I’ve toiled as a full-time office employee in New York City since 1999. For roughly 96 percent of weekdays over the past two decades, I packed an unabashedly basic and un-trendy meal: a turkey sandwich, chips, a piece of fruit, and a Diet Pepsi. Maybe a cookie.
If one accounts for, say, 47 working weeks out of every year, that’s over 4,000 brown bag lunches… so far. That’s 4,000 times I avoided buying sushi, pulled pork, a Big Mac, or the many other options available for lunch in Manhattan.
Make no mistake: I love food and think about it a lot. But this unglamorous practice of lunch-packing has become an organizing principle for my financial life, and I’m not someone with a lot of organizing principles. It’s made me more aware of the value of my money and the cost of everyday stuff, like a pound of turkey or a 12 pack of soda or a fancy salad at Chop’t. It’s taught me to approach purchases big and small with intention, and has given me a healthy sense of control. Rather than leaving me deprived – of, say, a delicious Chipotle burrito bowl – it’s left me more empowered as a consumer, a saver, a sandwich-maker, and an eater.
In 1999, my partner and I were fresh college grads – I wanted to work in media, he wanted a job at an art auction house – with student loans, a crappy-but-expensive Upper East Side apartment, and a desire to avoid living paycheck to paycheck. Neither of us came from wealthy families, and both of us knew our way around a loaf of bread, a jar of mayonnaise, and a stack of turkey slices. So, once we were both employed, my partner – he of frugal New England stock, descended from literal Puritans – suggested we start packing lunches. And once we figured out how much money we could save, it became a household ritual, even as our take-home pay doubled and as midday dining became more exciting and tempting thanks to food trucks, Shake Shack, and other culinary innovations of the early 21st century.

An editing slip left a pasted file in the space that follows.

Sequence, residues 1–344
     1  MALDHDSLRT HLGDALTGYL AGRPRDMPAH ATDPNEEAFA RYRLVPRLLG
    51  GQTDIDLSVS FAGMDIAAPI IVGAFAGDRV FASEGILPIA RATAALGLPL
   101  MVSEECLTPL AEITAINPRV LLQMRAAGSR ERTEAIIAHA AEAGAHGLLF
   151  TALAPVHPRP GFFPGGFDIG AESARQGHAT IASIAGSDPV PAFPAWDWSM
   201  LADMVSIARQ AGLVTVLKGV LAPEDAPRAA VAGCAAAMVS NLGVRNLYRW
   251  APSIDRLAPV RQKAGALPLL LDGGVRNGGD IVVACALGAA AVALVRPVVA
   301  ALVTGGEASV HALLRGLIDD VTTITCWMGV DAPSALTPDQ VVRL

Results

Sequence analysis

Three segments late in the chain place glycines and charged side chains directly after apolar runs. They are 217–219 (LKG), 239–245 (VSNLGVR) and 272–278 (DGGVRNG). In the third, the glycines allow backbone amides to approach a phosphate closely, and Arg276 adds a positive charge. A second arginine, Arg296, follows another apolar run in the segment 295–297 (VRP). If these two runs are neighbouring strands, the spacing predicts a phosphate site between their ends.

The assembly of those lunches – one for each of us– is a fixed feature of my evenings, a 20-minute task I do as soon as I arrive home from work. Spreading the mayo and filling small sandwich bags with reduced fat potato chips has a meditative, centering quality, silencing the day’s chaos. Even if occasional evening plans out mean I’m doing this at 11:30pm, it’s a Zen-like process I’ve come to enjoy.
By my extremely rough calculations, supplies for the lunches described here cost, in the early days, about $2 per day per person, or about $470 per year. In Manhattan, a normal takeout lunch would have cost about $10, or $2,200 per year – which means a net savings of $1,730 annually. Plug in historical inflation rates for food prices, and I’m spending about $722 annually in 2018; if I opted for takeout, that would cost me roughly about $3,555 per year. That means we’re each now saving around $2,833 per year, and collectively, we have an additional $5,666 to spend elsewhere – or to save.
Packing your lunch for life isn’t a one-fix solution for controlling your spending, but it can set a blueprint for everyday financial awareness. We’ve made similar decisions about our money elsewhere – sacrifices that didn’t feel painful. My partner and I – we are gay DINKs (Dual Income No Kids), which also helps – live in a nice Brooklyn apartment we bought seven years ago after 13 years of renting the same inexpensive, cramped second-floor walk-up above a restaurant where drunk couples regularly argued at three in the morning.
Excluding our mortgage, we’ve been debt-free for about a decade. We paid off our student loans, and pay our credit card bills in full every month. We go out to dinner once or twice a week, usually take modest vacations, and shop for clothes at upscale outlet centers. It’s a good, albeit measured, life… and, in my mind, it began with a turkey sandwich.
There are drawbacks to the lunch arrangement, of course. The traditional midday break of 30 to 60 minutes is pre-Internet quaint, but even the pause my coworkers take – to pick up an order or choose a food truck – is probably a mental health break (and social time) I could use. Occasionally, the monotony of it all gets to me. Is my life, like my lunch, in a rut? (I usually get over this after I’ve eaten.)
And on the rare days when I haven’t packed my lunch, or accidentally leave it in the fridge at home? Panic sets in. The horror of unlimited choice paralyzes me – Mexican? Thai? Macaroni and cheese? (Chopt almost always wins.) Sometimes those two decades of restraint makes simple decisions unnecessarily fraught.
However, the humble lunch is a source of pride for me. In a small and painless way, it’s forced me to be deliberate, present, mindful and consistent at least once a day. It’s a lesson I’ve tried to build on with larger, more significant goals. And that is priceless.